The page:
If you look for it, failure is heralded in many, many corners of the Internet.
However, outside of specific areas on the web that focus on entrepreneurial ventures, start-up culture, or high tech, hard charging companies, the failure of organizational leaders is almost never heralded.
This is because failure is often personalized in ways that success is generalized. In many sectors of the economy, employees may feel as though they are punished in light of company failures with lowered salaries, delayed promotions, no raises and being treated as if their work productivity and years of effort are worthless. And, with all of the political talk about income inequality, CEO compensation rates and escalating corporate profits and stock buy backs, they can be forgiven for thinking that something is amiss with failure.
But, for organizational leaders at the managerial level and above, failure is not seen as a leadership competency, because, much like when NASA decided to go to the moon, failure is not an option.
What’s the way around this?
Realize that failure is an option—the issue with many leaders is that the same confidence that allows them to lead, also blinds them to the potential for a project, a company, an idea or an innovation to fail. This state of “confidence as a blinder” can lead to hubris and perceptions of arrogance, which are really shields for the great fear—that of failure. For organizational leaders, the realization is that fear should be danced with, not avoided, accommodated or ignored.
Get help dancing with fear—fear is at the core of many responses that organization leaders take to conflict scenarios. Many organizational leaders choose to avoid, attack or accommodate rather than to figure out ways to advance engagement in healthy ways. Choosing those alternate paths would go a long way to building and maintaining healthy organizational cultures that will be antifragile, courageous and inspiring in developing their leaders and their leadership. Getting outside help through training and consulting is a must in this area.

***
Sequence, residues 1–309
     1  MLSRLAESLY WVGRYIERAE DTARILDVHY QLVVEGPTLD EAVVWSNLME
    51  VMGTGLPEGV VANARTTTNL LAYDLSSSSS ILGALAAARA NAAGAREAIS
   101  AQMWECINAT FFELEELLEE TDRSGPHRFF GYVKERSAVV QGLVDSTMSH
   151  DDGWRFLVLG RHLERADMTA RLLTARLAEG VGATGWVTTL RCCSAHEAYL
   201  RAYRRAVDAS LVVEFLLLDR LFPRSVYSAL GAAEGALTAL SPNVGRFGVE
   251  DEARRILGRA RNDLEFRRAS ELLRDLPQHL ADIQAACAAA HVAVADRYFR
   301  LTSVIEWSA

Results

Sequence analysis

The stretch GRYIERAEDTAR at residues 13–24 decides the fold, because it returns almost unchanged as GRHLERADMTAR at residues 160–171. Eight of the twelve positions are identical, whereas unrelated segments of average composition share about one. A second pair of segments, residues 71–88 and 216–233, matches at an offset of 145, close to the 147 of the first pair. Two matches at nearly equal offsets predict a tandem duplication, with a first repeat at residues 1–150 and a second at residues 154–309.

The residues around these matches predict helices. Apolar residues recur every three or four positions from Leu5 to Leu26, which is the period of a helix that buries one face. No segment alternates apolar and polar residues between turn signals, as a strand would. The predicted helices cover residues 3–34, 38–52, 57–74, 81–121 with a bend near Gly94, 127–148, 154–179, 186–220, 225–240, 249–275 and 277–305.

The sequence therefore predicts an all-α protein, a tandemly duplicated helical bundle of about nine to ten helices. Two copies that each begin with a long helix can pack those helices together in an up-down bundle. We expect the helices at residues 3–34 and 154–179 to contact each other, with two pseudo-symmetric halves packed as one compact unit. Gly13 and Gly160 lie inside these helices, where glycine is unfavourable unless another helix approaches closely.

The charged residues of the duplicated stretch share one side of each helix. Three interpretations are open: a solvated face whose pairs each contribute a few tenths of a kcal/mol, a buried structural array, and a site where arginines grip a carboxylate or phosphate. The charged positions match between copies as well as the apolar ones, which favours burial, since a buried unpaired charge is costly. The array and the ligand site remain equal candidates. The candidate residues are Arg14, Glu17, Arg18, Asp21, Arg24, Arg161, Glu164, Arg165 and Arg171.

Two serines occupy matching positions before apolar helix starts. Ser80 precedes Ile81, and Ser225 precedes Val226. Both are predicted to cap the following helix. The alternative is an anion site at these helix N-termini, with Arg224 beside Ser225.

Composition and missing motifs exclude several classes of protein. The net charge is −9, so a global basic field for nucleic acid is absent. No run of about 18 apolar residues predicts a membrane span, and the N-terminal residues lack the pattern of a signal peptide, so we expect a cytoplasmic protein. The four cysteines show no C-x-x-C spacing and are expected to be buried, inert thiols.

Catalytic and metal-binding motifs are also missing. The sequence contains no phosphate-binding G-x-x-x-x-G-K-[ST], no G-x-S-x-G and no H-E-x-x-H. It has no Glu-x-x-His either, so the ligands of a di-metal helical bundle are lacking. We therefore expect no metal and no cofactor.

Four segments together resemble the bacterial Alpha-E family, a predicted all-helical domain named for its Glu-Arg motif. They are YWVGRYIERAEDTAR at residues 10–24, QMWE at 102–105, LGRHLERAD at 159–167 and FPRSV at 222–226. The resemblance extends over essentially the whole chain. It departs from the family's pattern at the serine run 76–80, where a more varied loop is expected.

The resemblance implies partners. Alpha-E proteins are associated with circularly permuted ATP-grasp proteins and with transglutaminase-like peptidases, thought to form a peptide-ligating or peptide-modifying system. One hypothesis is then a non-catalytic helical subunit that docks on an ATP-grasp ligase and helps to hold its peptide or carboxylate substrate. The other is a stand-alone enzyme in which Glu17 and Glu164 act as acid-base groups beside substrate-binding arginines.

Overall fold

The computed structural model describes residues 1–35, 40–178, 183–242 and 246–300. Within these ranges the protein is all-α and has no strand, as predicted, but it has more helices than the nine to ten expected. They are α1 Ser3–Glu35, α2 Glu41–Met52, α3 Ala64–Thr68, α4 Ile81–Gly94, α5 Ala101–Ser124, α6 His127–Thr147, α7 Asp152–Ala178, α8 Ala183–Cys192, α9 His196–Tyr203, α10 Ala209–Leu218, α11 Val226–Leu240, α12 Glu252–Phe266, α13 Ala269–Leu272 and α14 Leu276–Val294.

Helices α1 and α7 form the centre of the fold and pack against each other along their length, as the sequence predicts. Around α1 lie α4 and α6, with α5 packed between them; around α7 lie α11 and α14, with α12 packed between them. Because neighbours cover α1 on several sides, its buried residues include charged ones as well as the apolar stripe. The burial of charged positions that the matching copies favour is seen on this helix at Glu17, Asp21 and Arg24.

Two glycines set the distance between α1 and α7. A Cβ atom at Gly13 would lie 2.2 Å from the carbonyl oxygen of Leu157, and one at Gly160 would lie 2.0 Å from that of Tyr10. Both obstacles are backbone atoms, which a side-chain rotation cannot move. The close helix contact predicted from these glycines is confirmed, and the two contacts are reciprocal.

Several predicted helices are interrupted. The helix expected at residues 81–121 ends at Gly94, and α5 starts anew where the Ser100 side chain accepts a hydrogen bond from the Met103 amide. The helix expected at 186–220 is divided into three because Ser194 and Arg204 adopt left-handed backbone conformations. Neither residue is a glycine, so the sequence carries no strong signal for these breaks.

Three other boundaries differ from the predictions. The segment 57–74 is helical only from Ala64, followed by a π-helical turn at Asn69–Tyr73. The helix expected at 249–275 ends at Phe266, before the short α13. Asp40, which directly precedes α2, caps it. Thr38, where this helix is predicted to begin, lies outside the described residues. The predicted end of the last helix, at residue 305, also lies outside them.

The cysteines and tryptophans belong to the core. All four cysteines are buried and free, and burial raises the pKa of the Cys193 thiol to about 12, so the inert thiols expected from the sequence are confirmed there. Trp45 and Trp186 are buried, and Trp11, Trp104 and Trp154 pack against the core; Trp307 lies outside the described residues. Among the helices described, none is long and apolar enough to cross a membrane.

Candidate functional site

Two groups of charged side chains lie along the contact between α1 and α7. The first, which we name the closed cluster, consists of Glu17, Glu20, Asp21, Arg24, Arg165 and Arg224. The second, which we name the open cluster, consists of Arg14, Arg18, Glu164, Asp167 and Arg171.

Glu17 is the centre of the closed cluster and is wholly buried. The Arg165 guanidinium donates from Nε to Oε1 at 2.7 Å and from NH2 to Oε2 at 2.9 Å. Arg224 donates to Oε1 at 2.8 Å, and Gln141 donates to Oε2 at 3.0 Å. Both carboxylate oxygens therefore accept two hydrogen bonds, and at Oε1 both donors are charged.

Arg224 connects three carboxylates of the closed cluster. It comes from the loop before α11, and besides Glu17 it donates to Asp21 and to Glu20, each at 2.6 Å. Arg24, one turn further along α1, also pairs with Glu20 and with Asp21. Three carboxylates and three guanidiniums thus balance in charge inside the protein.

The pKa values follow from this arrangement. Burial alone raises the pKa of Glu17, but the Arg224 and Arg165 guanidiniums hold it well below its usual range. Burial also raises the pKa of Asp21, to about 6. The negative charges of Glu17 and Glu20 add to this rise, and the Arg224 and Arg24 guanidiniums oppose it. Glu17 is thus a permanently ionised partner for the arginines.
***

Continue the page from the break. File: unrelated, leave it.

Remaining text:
Talk about failures, but don’t embellish them—instead of running away from failures when they happen, organizational leaders should be trained to embrace those failures as part of the business development curve and as the growth curve. Embellishing failures leads to the rampant pornography of failure stories that abound across the Internet. Talking about failures while also draining the emotion from their consequences is tricky, but changing the conversation around them is the first step in that direction.
Failure at scale is an organizational bad dream for many leaders.
But, the reality is that failure will happen. But failures are not to be confused with organizational dips and setbacks. For many leaders though, knowing the difference is critical to developing, training and advancing new leaders.
-Peace Be With You All-
Jesan Sorrells, MA
Principal Conflict Engagement Consultant
Human Services Consulting and Training (HSCT)
Email HSCT: email@example.com